The Atoms of Language: The mind’s Hidden Rules of Grammar by Mark Baker
For those of you like me who are interested in how language works and functions, this is an excellent book to get started with. The book makes the analogy that just as there is a periodic table for the elements in chemistry, there is a “table” of sorts that linguists are putting together that can categorize and structure languages of the world. Baker discusses how linguistics are forming “parameters” that separate languages from others (usually associated with the subject location, verb, placement of words and verb phrases.) Bakers implies that these parameters help categorize and structure language as a whole more efficiently than country of origin or cultural difference associated with each language.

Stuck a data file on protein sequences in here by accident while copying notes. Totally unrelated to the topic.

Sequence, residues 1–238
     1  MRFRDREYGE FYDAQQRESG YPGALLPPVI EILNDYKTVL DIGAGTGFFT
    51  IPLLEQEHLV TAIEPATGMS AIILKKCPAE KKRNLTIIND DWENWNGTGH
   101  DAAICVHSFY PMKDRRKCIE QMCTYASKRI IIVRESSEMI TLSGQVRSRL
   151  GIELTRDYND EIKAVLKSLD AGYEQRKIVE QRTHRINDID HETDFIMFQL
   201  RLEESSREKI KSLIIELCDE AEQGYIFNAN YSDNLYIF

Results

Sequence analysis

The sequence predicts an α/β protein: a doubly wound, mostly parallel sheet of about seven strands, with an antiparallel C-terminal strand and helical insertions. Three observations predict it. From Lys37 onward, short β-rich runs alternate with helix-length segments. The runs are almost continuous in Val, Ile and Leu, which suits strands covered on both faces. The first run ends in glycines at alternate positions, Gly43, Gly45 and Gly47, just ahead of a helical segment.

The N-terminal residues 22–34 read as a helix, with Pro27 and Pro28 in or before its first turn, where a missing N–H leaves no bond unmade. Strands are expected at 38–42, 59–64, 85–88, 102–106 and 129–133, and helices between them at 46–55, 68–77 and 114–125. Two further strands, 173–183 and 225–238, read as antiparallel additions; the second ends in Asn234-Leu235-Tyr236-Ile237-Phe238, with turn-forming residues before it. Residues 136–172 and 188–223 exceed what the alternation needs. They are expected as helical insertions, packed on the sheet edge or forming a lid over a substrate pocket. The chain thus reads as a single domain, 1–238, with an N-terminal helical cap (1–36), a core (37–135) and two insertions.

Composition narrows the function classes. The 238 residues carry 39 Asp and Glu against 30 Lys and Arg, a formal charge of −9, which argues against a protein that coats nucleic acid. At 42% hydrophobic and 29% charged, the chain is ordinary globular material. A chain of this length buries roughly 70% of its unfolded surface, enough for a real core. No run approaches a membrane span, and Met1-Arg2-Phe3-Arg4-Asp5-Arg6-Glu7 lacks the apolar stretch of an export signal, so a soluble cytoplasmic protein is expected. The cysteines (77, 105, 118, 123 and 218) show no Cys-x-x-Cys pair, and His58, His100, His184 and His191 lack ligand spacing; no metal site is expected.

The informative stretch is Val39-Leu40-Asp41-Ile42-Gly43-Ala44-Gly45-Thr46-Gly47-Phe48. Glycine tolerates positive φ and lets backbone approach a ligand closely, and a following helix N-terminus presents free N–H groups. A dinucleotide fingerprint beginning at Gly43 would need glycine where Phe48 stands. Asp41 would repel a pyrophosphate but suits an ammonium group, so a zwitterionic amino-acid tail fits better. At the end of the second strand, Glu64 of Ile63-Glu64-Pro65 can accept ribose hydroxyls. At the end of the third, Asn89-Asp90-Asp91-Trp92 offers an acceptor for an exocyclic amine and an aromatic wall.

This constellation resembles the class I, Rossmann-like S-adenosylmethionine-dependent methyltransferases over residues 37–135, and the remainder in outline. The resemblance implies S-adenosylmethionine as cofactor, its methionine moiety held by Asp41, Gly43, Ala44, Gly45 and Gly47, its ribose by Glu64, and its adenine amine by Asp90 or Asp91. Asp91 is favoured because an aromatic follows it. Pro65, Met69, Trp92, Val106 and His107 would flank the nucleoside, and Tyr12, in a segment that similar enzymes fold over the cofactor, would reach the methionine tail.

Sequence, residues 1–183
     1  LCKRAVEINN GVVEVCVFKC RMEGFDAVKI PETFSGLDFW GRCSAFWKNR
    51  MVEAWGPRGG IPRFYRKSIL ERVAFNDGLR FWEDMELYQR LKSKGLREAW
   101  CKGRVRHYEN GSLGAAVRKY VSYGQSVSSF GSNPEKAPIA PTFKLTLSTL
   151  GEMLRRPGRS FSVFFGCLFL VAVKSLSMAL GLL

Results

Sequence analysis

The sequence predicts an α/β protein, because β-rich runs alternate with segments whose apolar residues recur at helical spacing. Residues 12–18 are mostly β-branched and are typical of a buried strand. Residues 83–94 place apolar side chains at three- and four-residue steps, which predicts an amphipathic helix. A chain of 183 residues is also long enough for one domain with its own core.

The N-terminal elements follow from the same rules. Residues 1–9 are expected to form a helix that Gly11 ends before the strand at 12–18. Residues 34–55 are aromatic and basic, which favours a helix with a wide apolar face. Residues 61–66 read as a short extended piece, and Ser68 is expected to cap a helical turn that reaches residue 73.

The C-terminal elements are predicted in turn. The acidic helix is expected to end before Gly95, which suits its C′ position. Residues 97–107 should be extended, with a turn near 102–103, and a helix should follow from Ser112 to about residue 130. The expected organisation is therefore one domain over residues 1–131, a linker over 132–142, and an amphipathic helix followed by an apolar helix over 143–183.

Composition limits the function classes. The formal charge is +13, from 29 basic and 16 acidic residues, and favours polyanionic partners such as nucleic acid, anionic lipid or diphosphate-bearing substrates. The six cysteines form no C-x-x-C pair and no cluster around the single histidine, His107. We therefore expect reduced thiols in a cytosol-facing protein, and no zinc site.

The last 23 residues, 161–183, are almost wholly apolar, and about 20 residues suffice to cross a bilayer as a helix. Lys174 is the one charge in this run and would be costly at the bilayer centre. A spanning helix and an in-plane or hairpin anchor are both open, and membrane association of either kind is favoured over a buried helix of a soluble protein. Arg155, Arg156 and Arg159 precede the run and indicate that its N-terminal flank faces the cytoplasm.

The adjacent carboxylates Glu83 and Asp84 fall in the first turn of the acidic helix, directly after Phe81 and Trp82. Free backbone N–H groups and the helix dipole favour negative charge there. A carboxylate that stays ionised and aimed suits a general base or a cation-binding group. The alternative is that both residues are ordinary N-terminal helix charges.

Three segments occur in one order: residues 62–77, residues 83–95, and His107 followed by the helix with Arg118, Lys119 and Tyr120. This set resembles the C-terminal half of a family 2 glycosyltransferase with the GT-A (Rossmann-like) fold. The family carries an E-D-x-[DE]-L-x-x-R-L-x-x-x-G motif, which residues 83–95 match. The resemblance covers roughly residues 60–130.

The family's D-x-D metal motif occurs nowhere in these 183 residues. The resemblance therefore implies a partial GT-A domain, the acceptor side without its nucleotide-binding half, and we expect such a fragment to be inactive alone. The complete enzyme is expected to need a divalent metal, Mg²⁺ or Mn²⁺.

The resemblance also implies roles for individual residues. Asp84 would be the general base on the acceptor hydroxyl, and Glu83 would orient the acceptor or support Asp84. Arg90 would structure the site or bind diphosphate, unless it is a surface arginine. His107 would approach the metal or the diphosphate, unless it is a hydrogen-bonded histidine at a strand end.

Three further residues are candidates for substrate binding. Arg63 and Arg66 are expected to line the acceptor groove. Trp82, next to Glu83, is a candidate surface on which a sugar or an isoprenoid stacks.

Mark Baker does an wonderful job of making linguistics readable for the average person–and yet not sacrificing terms, definitions and examples from the field of linguistics. Examples include associates between Japanese, English, French, a native-american language from the Iroquois, Mohawk, and discusses other unique languages that one may not readily think of when discussing tongues of the world.
A basic knowledge of English grammar and syntax would be necessary for understanding this book, along with perhaps knowledge of another language other than your own since some topics make sense with some bi-lingual knowledge base.